Simple and rationale-providing SMS reminders to promote accelerometer use: A within-trial randomised trial comparing persuasive messages

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Background: Literature on persuasion suggests compliance increases when requests are accompanied with a reason (i.e. the “because-heuristic”). The reliability of outcomes in physical activity research is dependent on sufficient accelerometer wear-time. This study tested whether SMS reminders—especially those that provided a rationale—are associated with increased accelerometer wear-time.
Methods: We conducted a within-trial partially randomised controlled trial during baseline data collection in a school-based physical activity intervention trial. Of 375 participants (mean age=18.1), 280 (75%) opted to receive daily SMS reminders to wear their accelerometers. These 280 participants were then randomised to receive either succinct reminders or reminders including a rationale. Data was analyzed across groups using both frequentist and Bayesian methods.
Results: No differences in total accelerometer wear minutes were detected between the succinct reminder group (Mdn=4909, IQR=3429–5857) and the rationale group (Mdn=4808, IQR=3571–5743); W=8860, p=0.65, CI95=-280.90–447.20. Similarly, we found no differences in wear time between participants receiving SMS reminders (Mdn=4859, IQR=3527–5808) and those not receiving them (Mdn=5067, IQR=3201–5885); W=10642.5, p=0.77, CI95=-424.20–305.30. Bayesian ANOVA favored a model of equal weartime means, over one of unequal means, by a Bayes Factor of 12.05. Accumulated days of valid accelerometer wear data did not differ either. Equivalence testing indicated rejection of effects more extreme than a Cohen’s d (standardised mean difference) of ± ~0.3.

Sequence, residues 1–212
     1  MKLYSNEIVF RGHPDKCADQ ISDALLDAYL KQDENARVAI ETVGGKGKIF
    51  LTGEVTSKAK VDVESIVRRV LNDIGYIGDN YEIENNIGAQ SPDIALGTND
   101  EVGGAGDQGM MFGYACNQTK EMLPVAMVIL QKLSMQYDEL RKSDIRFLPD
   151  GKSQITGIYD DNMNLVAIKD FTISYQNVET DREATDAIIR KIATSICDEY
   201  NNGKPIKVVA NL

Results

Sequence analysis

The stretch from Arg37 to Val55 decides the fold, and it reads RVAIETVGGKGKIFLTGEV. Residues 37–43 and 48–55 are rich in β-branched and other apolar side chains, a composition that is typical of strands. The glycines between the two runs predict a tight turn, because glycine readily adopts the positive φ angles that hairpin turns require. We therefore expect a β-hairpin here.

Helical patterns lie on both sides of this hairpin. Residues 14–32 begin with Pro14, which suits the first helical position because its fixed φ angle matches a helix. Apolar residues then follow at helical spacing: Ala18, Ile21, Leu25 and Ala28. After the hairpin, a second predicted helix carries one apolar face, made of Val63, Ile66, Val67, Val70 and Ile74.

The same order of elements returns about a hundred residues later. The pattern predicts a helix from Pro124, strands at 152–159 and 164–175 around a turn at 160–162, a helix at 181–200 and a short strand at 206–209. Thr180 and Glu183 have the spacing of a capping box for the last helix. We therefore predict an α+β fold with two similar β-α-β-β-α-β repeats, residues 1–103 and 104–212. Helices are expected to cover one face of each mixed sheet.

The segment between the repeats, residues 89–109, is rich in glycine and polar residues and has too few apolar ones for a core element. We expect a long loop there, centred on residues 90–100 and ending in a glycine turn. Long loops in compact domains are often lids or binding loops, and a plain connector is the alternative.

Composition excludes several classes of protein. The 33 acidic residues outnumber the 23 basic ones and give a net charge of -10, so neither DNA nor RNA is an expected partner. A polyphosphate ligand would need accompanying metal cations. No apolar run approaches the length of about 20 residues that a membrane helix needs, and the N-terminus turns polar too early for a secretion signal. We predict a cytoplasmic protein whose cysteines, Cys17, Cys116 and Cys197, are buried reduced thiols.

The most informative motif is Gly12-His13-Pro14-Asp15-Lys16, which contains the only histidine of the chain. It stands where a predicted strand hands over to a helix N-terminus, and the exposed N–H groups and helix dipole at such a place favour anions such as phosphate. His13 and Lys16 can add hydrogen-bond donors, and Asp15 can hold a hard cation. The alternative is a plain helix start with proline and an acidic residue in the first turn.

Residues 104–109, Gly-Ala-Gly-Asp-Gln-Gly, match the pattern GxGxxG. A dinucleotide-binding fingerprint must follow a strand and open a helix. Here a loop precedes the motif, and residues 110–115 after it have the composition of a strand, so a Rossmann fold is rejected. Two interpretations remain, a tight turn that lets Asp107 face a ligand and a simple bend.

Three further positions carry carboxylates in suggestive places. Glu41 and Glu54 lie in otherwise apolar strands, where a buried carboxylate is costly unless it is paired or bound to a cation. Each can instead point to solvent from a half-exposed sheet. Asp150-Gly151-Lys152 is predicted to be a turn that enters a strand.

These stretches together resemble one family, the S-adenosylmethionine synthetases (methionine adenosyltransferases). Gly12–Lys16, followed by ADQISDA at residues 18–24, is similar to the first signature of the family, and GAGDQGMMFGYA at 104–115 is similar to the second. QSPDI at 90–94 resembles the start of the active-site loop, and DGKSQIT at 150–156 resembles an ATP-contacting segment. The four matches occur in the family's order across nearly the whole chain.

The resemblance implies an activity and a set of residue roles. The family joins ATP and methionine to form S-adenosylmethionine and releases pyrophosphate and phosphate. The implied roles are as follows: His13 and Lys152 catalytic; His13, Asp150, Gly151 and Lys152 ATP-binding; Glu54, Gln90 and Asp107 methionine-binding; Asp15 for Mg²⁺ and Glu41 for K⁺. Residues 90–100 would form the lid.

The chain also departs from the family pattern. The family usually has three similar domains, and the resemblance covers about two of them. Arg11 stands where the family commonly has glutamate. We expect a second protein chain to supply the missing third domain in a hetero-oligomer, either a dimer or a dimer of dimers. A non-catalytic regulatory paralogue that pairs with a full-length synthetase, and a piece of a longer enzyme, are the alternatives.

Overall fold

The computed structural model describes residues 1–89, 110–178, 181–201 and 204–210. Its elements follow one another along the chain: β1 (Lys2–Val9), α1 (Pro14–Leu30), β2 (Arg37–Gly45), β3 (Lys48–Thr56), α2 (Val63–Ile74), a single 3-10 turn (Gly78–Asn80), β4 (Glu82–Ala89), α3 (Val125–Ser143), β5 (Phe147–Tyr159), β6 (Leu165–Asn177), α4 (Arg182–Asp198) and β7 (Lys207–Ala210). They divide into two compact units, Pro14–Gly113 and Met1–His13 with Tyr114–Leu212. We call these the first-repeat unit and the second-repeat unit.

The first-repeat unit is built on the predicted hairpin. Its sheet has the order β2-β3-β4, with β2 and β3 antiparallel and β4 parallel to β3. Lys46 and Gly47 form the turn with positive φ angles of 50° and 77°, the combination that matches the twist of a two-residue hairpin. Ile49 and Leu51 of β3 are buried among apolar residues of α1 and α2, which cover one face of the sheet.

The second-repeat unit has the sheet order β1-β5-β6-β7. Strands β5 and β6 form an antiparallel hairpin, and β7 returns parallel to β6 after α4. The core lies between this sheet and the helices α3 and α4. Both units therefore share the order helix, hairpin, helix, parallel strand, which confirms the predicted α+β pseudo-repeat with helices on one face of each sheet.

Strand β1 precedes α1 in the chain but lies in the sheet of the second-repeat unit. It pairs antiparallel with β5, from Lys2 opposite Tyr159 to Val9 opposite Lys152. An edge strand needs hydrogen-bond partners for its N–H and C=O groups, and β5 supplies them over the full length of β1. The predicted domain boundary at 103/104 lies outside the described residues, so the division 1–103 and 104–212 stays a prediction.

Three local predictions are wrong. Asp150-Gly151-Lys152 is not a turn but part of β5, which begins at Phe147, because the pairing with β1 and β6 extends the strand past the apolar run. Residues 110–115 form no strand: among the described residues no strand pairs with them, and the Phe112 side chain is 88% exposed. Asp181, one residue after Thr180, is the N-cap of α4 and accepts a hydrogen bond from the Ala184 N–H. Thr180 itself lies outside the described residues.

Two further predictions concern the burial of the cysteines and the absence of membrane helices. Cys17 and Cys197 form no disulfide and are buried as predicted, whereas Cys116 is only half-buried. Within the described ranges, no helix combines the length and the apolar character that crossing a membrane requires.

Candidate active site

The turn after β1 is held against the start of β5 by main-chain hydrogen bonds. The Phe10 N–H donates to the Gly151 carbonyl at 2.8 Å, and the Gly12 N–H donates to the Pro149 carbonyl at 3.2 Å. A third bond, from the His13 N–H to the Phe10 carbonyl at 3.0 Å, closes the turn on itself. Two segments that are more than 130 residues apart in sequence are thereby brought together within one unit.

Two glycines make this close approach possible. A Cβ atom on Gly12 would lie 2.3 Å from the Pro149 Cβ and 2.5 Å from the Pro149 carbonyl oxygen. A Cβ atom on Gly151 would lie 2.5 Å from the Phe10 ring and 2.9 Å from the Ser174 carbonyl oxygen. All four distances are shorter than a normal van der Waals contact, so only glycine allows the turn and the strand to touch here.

Conclusions: This study casts doubt on the effectiveness of using the because-heuristic via SMS messaging, to promote accelerometer wear time among youth. The because-heuristic might be limited to face-to-face communication and situations where no intention for or commitment to the behavior has yet been made. Other explanations for null effects include non-reading of messages, and reminder messages undermining the self-reminding strategies which would occur naturally in the absence of reminders.
Originalspråkengelska
Artikelnummer1352
TidskriftBMC Public Health
ISSN1471-2458
DOI
StatusPublicerad - 7 dec. 2018
MoE-publikationstypA1 Tidskriftsartikel-refererad

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